Divorce for the WealthyKoffels
Why Divorce For The Wealthy Is Different and 3 Biggest Divorces
Why Divorce Is Different For The Wealthy
Here Are 3 Key Ways Which Divorce Is Different For The Wealthy
High net worth individuals normally have in place a plan for tax minimisation which can often deliver material benefits. Divorce can often pull apart the underlying tax minimisation strategy, generating unintended consequences and ultimately a large tax obligation. It is critical for your lawyer to have a thorough understanding of tax law to put in place a property settlement that maintains the value of the asset pool to be divided
2. Controlling interest
High net worth individuals usually own shares in both private and public companies. Ordinarily, the dollar value of the assets is divided, however not all shares are equal. For example, often people may hold controlling interest by way of shares with specific voting rights or a class of shares with priority rights over other classes of shares. Control can also be maintained through specific corporate structures. For example, under a discretionary trust investment vehicle the trust deed will nominate the appointor who ordinarily has the right to appoint and remove the trustee. This appointor can exercise significant control by appointing a friendly trustee. It is critical for the family law attorney advising high net wealthy individuals on their divorce to have a thorough understanding of corporate law to ensure the client not only receives a portion of the monetary value but also receives the appropriate level of controlling interest in the underlying assets.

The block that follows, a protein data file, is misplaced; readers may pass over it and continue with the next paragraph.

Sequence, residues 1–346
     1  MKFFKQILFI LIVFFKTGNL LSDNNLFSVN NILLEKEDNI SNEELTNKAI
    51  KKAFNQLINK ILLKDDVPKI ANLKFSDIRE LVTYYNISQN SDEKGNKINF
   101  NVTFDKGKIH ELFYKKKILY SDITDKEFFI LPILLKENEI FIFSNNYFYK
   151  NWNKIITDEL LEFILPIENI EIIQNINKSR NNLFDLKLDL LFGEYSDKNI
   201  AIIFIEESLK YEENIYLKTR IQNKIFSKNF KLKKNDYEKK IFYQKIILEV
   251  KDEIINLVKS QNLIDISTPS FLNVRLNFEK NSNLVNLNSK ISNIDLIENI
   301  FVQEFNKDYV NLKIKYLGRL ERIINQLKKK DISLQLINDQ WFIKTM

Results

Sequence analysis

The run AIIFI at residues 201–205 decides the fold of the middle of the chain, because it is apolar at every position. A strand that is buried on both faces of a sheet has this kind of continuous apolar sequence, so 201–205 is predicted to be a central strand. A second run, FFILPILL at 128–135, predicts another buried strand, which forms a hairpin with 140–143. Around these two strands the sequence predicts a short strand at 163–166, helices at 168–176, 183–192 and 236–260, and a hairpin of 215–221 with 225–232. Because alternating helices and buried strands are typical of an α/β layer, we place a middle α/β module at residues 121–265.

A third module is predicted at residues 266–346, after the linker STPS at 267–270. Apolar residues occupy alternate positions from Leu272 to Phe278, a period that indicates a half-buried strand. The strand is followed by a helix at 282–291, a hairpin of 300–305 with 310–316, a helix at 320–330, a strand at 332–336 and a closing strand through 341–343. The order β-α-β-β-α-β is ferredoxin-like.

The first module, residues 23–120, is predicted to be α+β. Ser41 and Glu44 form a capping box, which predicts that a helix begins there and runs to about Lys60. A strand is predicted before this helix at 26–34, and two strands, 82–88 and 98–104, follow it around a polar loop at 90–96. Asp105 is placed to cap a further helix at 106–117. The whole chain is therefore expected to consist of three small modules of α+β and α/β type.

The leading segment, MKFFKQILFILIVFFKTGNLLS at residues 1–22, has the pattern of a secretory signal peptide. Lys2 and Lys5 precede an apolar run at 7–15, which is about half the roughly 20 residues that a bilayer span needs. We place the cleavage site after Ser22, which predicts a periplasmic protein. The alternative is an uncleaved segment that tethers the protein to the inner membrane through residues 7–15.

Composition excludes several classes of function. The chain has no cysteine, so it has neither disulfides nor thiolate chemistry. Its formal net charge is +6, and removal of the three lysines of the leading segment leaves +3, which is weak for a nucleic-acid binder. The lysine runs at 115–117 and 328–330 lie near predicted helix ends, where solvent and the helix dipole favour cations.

3. Overseas assets
Wealthy families often hold assets in multiple jurisdictions. This typically involves real estate but can also include other assets such as shareholdings. Any property settlement will need to take into account the total asset pool including those overseas assets. The lawyer will need connections in multiple jurisdictions to identify those assets to ensure no assets are withheld from one party as part of disclosure. The lawyer will also need an understanding of whether those jurisdictions will recognise the Australian Federal Court and an understanding on how to otherwise enforce court orders in foreign jurisdictions.